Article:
The devastation caused by hurricanes can be overwhelming to anyone, but poses unique challenges for children. Compared to adults, children suffer more from exposure to disasters—including psychological, behavioral, and physical problems, as well as difficulties learning in school.
While a nationally representative study found that 14 percent of children in the United States (ages 2–17 years) have experienced a disaster, most will never have direct experience. However, even those who hear about a disaster or see images on television may show symptoms of posttraumatic stress disorder (PTSD), depression, and anxiety. Psychological impacts on children are particularly likely to reverberate after a disaster.
Children’s reactions to hurricanes differ—some exhibit little distress, others have short-term difficulties, and still others struggle with long-term mental health problems. In most cases, children’s negative responses to disasters decrease over time. For example, 2–3 years after Katrina, more than 72 percent showed signs of resilience or recovery. How children respond to disasters is influenced by several factors, including their individual experiences, age and stage of development, reactions of parents and other caregivers, previous exposure to trauma, and the presence of other risk and protective factors in their lives.
Helping children and caregivers cope with hurricanes and other disasters.
There are many excellent resources to help children recover from hurricanes and other natural disasters (see below). Several common themes emerge from these resources and other research:
- Understand that trauma reactions vary widely. Children may regress, demand extra attention, and think about their own needs before those of others—natural responses that should not be met with anger or punishment.
- Remember that the presence of a sensitive, nurturing, and predictable adult is one of the most important factors to children’s well-being following a disaster.
- Create a safe environment where children’s basic needs (shelter, food, clothing) are met, and routines exist to provide children with a sense of safety and predictability (e.g., regular schedules).
- Keep children busy. Boredom can intensify negative thoughts and behaviors, but children are less like to experience distress when they play and interact.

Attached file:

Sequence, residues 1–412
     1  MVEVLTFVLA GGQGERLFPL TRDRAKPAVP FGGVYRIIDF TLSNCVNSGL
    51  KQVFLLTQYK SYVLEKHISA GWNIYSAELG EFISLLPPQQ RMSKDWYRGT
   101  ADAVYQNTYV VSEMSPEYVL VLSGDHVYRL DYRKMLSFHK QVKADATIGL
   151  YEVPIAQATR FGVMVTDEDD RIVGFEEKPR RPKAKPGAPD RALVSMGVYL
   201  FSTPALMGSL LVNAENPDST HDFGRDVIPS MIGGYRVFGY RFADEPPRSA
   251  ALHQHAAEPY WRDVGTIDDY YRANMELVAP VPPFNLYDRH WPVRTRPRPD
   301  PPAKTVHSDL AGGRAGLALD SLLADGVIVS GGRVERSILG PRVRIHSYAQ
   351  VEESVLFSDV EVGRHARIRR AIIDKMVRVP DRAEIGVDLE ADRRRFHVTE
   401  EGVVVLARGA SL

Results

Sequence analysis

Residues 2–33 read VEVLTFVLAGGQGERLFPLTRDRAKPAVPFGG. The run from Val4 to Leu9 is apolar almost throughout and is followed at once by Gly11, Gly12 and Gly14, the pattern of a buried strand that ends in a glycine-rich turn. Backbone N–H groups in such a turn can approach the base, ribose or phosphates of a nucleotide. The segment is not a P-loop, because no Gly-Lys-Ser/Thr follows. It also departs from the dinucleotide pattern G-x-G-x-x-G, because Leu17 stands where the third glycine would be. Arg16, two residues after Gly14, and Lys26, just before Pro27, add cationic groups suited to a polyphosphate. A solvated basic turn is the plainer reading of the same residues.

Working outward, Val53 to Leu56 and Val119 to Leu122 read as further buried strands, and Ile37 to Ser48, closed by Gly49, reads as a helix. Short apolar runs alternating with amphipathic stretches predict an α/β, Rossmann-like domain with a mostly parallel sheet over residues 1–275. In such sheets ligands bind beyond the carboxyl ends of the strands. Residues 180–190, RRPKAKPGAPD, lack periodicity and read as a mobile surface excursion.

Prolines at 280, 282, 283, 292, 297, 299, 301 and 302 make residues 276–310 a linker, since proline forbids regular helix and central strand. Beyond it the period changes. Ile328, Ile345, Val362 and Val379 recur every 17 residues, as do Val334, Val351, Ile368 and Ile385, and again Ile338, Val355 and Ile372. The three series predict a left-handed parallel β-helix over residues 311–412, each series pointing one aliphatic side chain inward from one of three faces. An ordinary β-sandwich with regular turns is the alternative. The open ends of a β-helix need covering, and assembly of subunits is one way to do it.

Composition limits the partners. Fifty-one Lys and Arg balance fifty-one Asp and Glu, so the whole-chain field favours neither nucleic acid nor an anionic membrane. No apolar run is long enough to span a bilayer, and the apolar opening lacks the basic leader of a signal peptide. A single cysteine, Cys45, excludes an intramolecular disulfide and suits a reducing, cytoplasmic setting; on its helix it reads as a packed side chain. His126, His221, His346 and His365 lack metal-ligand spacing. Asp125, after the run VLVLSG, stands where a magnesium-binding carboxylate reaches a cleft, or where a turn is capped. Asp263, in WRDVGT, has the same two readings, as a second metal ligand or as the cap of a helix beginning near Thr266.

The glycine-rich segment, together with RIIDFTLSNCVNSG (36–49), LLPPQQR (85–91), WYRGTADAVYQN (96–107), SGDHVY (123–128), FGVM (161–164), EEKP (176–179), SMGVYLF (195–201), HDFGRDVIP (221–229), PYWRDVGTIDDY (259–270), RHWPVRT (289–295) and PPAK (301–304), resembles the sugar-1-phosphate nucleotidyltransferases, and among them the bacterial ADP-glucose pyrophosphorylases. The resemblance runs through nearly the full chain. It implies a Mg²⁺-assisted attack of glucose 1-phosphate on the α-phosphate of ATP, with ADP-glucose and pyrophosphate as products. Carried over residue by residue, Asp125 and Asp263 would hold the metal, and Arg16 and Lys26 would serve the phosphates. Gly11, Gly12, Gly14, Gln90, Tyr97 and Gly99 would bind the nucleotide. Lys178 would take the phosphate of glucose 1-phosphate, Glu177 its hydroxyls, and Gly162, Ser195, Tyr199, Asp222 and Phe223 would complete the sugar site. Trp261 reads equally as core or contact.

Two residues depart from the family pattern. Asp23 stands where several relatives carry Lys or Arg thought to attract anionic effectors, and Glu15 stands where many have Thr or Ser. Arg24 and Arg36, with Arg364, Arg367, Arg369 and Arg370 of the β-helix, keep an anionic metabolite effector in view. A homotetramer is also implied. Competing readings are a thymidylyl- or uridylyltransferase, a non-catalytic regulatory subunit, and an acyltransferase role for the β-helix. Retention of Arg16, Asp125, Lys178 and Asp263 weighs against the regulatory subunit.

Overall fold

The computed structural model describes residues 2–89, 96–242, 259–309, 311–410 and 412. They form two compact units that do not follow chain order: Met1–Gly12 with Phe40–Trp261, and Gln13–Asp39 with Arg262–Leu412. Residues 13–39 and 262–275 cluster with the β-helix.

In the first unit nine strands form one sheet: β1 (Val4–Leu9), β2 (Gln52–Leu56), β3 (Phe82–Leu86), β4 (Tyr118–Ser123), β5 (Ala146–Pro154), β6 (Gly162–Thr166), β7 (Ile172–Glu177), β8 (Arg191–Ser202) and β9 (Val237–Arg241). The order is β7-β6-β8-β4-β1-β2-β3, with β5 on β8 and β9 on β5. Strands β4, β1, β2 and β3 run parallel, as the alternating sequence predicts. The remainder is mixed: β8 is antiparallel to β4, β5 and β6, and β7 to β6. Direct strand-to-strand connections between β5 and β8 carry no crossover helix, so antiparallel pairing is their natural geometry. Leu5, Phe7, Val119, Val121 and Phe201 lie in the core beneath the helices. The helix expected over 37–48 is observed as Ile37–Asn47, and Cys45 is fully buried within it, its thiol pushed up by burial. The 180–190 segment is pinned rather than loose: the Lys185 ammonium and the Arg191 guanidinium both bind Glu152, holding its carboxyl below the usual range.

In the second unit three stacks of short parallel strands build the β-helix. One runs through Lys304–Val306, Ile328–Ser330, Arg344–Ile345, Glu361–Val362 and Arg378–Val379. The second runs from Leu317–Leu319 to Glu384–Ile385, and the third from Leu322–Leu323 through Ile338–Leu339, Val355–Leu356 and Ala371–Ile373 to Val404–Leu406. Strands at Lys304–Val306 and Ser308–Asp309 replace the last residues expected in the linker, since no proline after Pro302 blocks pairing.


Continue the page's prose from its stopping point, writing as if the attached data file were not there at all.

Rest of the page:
- Limit children’s exposure to images and descriptions of the disaster (e.g., media and adult conversation). Talk with children about what they see and hear.
- Make sure that adults and other caregivers receive the necessary attention, support, and care.
- Seek professional help if a child’s difficulties do not improve. The National Child Traumatic Stress Network (NCTSN) recommends seeking help if problems persist longer than six weeks after a hurricane.
- Find age-appropriate ways for children to help. Even very young children benefit from being able to make a positive difference in others’ lives while learning important lessons about empathy, compassion, and gratitude.
- Emphasize hope and positivity. Children need to feel safe, secure, and positive about their present and future. Seeing and hearing stories of people helping people in difficult times is both healing and reassuring.
The last point about reminding children about hope and goodness may receive less attention, but it is critically important. Stories to share with children are numerous—after Harvey landed in Texas, restaurant employees used kayaks to deliver free pizzas to people without food, people formed a human chain to save an elderly man from flood waters, and an animal advocacy organization reunited pets with their owners. As former President Jimmy Carter said in Harvey’s aftermath, “When the waters rise, so do our better angels … Pick a past disaster, and I’ll tell you at least a dozen stories that stand as living testaments to our collective compassion, generosity—and unity.”
Our hearts go out to the many people impacted by hurricanes Harvey and Irma, and to those who have previously endured a disaster or are bracing for one in the future.
Helpful resources for children and caregivers
- The NCTSN has resources for helping children through different types of disasters.
- The Substance Abuse and Mental Health Services Administration has a guide for adults for talking with children and helping them cope after a disaster.
- The Centers for Disease Control and Prevention and National Institute of Mental Health offer tips for parents to help youth cope with disaster.
- The American Academy of Pediatrics published “Talking to Children About Disasters,” available in English and Spanish (can be read aloud).
- The American Red Cross developed a booklet for parents and other caregivers on how to be prepared for a disaster and how to help children cope.
- Zero to Three recently developed a resource for parents of young children who were displaced by Hurricane Harvey.
- Scholastic and Forbes have compiled lists of children’s books.
- Child Trends has several resources on the broader topic of child trauma, including recommendations for early care and education for helping young children exposed to trauma, an overview of how trauma-informed care can support children’s development, research findings on trauma-informed care for youth in foster care, and the effects of trauma on child migrants and refugees.